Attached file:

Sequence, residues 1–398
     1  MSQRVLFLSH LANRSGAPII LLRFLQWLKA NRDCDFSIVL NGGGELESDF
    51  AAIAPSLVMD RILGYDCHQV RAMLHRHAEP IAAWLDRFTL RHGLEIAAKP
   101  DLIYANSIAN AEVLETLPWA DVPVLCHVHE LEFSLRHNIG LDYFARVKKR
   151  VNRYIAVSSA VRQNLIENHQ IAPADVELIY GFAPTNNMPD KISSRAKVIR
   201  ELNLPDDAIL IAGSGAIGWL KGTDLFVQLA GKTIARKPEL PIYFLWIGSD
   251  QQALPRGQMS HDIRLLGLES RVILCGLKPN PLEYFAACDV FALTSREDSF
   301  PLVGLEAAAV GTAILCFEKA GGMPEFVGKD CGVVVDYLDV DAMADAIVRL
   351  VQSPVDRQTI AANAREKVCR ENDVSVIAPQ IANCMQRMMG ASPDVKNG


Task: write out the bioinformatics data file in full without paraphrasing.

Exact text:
Sequence, residues 1–398
     1  MSQRVLFLSH LANRSGAPII LLRFLQWLKA NRDCDFSIVL NGGGELESDF
    51  AAIAPSLVMD RILGYDCHQV RAMLHRHAEP IAAWLDRFTL RHGLEIAAKP
   101  DLIYANSIAN AEVLETLPWA DVPVLCHVHE LEFSLRHNIG LDYFARVKKR
   151  VNRYIAVSSA VRQNLIENHQ IAPADVELIY GFAPTNNMPD KISSRAKVIR
   201  ELNLPDDAIL IAGSGAIGWL KGTDLFVQLA GKTIARKPEL PIYFLWIGSD
   251  QQALPRGQMS HDIRLLGLES RVILCGLKPN PLEYFAACDV FALTSREDSF
   301  PLVGLEAAAV GTAILCFEKA GGMPEFVGKD CGVVVDYLDV DAMADAIVRL
   351  VQSPVDRQTI AANAREKVCR ENDVSVIAPQ IANCMQRMMG ASPDVKNG